Review: Mystery Jets – Twenty One

Amongst the new wave of young indie bands in 2006, ‘Making Dens’ by Mystery Jets stood out as a genre-defying album of ramshackle tunes, not to mention the inclusion of a father and son partnership in their line-up. The follow-up sees senior member Henry Harrison reduce his involvement to leave son Blaine and his gang to take charge. Perhaps not surprisingly, the result is a record which sometimes comes across as a little too perky and youthful for its own good.

After a breathless start where the band members seem over-reliant on wordless harmonies (content to “woo woo” and “la la” when they could go for a sense of understatement), ‘Half In Love With Elizabeth’ reveals itself to be an exuberant song with a winning melody to match. ‘Veiled In Grey’ makes the best use of a nagging guitar riff whilst ‘Two Doors Down’ is an infectious singalong that recalls 1980’s acts such as ABC and the rather more obscure JoBoxers. 1980’s references crop up quite a lot in fact; white funk, sax solos and tinny synths all employed without irony. Nevertheless they nail a great song towards the end; a new sense of urgency apparent on the rousing ‘First To Know’, where all group members combine their obvious passion with intense and tight-knit instrumentation.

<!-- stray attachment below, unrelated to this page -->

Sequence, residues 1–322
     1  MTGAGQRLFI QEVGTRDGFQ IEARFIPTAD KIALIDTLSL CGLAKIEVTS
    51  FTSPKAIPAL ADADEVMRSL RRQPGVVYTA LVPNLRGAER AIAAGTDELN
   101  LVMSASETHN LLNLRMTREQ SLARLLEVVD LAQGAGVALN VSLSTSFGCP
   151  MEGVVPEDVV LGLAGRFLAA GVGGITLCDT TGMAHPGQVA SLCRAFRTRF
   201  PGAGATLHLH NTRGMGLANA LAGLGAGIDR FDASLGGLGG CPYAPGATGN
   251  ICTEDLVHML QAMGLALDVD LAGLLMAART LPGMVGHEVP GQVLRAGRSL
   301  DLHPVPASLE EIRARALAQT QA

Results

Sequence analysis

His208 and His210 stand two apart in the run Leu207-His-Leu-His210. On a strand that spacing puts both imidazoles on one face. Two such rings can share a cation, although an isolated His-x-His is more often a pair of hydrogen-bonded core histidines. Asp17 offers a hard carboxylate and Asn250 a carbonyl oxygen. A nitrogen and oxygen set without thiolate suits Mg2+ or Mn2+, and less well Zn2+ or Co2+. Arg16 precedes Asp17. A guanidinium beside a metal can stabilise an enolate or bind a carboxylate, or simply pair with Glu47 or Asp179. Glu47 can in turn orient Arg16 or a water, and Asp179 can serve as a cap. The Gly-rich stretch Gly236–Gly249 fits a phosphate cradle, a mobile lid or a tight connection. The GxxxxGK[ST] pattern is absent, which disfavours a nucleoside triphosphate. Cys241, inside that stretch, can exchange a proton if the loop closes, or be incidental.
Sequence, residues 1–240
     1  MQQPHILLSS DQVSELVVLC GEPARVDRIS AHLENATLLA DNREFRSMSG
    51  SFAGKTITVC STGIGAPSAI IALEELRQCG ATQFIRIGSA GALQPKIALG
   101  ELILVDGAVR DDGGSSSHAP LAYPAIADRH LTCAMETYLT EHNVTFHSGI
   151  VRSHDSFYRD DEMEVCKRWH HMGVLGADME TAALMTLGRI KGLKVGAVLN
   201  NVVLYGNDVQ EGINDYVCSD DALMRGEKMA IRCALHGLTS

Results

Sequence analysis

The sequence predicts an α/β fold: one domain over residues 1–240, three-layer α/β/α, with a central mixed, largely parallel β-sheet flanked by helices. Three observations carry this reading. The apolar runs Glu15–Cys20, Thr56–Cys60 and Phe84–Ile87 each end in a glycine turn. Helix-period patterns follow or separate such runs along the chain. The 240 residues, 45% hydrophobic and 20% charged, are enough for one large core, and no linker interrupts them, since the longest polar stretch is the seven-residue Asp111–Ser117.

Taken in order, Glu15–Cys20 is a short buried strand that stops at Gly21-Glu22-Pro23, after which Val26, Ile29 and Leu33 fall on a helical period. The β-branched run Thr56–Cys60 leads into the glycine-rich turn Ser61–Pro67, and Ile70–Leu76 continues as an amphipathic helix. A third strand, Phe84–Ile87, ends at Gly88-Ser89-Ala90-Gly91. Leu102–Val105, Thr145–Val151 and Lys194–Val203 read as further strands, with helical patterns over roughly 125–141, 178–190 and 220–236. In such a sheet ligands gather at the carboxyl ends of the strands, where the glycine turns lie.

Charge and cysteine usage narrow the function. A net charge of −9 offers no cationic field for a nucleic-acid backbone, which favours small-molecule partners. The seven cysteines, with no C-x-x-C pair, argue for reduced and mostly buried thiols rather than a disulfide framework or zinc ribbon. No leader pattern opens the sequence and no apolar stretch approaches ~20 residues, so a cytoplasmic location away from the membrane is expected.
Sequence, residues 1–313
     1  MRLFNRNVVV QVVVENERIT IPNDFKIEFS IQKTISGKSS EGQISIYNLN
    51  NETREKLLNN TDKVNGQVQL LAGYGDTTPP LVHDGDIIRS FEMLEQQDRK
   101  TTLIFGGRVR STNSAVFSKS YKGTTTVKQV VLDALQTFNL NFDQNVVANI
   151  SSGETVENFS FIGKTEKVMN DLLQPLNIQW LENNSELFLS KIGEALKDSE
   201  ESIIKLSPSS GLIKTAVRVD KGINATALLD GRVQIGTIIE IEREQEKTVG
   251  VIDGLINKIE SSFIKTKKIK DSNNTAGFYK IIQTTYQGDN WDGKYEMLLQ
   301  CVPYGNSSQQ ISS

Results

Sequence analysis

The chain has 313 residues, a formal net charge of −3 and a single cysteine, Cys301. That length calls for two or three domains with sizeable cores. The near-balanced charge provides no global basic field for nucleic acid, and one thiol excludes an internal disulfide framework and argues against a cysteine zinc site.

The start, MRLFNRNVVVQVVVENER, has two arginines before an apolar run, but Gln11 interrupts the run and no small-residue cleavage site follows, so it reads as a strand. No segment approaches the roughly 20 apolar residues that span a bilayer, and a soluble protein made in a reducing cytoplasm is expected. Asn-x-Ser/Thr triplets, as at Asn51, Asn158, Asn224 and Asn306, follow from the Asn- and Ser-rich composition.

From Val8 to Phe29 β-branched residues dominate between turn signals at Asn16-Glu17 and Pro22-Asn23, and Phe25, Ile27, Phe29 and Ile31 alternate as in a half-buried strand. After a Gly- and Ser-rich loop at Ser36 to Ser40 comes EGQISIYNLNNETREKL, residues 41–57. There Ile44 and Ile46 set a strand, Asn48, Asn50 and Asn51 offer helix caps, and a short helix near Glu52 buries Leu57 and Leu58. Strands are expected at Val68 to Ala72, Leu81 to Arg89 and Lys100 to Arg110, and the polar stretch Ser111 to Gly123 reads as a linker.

Due to its kitchen-sink production and the relentless eagerness to please, ‘Twenty One’ sounds more like a debut than ‘Making Dens’. It’s just disappointing Mystery Jets have toned down the eccentricities to sound more like an act who will doubtless win favour with students. It’s good enough for now but may sound irritating after a few years of hindsight.

Web Sites:
Mystery Jets Official Site
Mystery Jets MySpace

Further Listening:


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